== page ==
“Well then!” he said, “I guess we’ll never see each other again.” He paused, then added: “Unless you want to reconsider.”

He looked at me hopefully. Of course, neither one of us reconsidered, and that was the end of my potential entrée into the “Power Rooms” of Manhattan’s finest restaurants.

I guess that’s one of those endearing things we most love about men—their never-ending adolescent belief in their devastating attractiveness to all women all the time, no matter how old they are or how they might measure up to “expectations.” It is also the most maddening. And, factor in unlimited wealth and a wife who might look the other way for her own reasons, and you have a “Bill”—and maybe, on the extreme end, a Bill Cosby.

The older I get—and the days and years keep marching on—the more I am in awe of the human capacity for self-delusion. Not just “his”—mine too. What do I think is going to happen at my age? Did I really think that a world-renowned billionaire just wanted someone “attractive to talk to”? And did he really think I –or any woman–would get naked because he paid for a meal, one I could well afford myself, or even took us out for a bunch of such meals? Had there already been women, of any age, who had gone back to his hotel suite with him for the nightcap?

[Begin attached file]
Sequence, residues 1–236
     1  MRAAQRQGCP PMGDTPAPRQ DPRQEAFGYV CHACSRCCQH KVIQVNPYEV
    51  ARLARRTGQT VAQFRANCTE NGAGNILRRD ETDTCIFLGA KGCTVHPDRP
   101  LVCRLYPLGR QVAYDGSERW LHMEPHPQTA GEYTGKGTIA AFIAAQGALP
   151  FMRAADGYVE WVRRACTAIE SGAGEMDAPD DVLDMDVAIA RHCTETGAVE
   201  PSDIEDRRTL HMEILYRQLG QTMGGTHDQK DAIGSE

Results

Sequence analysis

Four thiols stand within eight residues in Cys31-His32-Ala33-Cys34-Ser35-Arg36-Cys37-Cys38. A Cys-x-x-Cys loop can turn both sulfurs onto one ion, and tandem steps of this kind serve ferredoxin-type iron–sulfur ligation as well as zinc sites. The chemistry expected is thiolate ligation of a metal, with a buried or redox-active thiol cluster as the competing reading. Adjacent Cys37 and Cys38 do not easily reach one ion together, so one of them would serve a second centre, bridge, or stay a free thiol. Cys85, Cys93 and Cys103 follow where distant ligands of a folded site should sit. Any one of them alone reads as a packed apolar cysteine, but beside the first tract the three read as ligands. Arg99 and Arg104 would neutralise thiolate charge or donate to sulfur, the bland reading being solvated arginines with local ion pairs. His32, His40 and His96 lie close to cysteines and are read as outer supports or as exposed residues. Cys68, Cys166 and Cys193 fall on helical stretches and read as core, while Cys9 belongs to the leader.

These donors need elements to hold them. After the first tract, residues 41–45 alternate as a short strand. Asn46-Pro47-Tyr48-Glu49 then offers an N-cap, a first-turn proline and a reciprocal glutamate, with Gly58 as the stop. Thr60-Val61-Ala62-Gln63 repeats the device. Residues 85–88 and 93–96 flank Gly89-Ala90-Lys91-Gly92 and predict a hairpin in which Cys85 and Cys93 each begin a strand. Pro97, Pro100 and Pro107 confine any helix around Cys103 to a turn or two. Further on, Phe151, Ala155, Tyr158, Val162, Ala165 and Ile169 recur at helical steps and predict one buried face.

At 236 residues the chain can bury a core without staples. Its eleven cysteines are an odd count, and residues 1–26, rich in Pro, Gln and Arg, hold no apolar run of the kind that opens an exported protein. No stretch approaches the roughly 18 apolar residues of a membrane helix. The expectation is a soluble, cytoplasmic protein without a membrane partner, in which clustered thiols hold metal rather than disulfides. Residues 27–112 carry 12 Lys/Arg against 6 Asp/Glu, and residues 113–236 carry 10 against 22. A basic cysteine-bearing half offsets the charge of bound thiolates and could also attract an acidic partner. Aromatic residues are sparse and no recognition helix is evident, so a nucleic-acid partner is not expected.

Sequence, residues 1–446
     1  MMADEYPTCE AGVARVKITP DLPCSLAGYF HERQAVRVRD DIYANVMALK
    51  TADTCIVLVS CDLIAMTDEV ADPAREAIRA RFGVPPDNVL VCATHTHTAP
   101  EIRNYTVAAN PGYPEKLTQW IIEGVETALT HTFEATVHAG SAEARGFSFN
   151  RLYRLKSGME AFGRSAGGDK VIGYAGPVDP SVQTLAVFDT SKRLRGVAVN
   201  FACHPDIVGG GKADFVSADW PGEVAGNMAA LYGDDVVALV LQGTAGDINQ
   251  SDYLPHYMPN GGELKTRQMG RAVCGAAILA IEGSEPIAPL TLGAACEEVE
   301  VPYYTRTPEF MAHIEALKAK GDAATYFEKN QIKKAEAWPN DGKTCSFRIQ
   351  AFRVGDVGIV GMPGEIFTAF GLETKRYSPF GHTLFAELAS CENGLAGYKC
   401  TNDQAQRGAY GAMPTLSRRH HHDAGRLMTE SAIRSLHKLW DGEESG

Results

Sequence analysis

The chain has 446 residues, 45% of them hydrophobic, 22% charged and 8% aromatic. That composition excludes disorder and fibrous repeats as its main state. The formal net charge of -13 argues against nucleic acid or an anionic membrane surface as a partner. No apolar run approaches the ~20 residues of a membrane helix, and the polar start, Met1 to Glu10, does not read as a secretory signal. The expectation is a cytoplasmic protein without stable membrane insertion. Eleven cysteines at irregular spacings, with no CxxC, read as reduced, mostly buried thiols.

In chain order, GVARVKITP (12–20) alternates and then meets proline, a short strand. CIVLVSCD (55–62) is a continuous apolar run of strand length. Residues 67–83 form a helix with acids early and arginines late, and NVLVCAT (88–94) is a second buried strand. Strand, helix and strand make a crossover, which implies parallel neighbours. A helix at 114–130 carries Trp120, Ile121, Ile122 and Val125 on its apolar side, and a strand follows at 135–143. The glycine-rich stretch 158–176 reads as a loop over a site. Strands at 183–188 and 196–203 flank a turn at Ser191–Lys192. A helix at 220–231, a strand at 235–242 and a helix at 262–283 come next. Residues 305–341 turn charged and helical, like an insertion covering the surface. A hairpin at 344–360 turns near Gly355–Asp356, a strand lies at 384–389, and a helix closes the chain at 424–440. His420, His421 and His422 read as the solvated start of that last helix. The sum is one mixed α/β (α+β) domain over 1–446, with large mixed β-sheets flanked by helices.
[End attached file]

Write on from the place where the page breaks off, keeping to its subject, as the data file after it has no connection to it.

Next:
And for a man in his eighties, where was the reality between “managing expectations at my age” and “the sex will be great”….?

Expanding out to a larger picture, what are the tradeoffs for someone like me with all those 30 years younger men on who keep reaching out, knowing my age, and knowing we live several states apart? Are they just looking for someone to talk to?

One thing I know for sure: there’s more baloney in the world than there are Bouluds.

Love yourself, and focus on your own power, in every room you’re in!

Care to share a baloney sandwich, anyone?


  • Judy Katz is a book collaborator, ghostwriter, publisher, and marketer. She has helped develop storylines for prospective authors and has completed, published, and publicized 50 books so far. A graduate of UC Berkeley, Judy wrote a weekly column, "Meaning's Edge," on the Daily Californian for all four years. She later wrote for a medical ad agency and two McGraw-Hill Magazines before becoming PR Director for Madison Square Garden, the New York March of Dimes, and Director of Special Projects for the National MS Society. Entrepreneurial, Judy then established and ran her PR firm, Katz Creative, Inc., until 2005, when she found her true calling: helping people become authors. Judy also has a publishing arm, New Voices Press, and along with self-publishing, helps promote her authors' books to serve them as "the ultimate marketing and reputation-building tool." Judy is a proud member of the Author's Guild, PEN America, and many other prestigious professional and networking organizations. She is on LinkedIn and Facebook. You can contact her at 212-580-8833; or

1 Response

  1. Nina says:

    Love your humor, your writing and your zest for life! Please keep sharing your adventures!!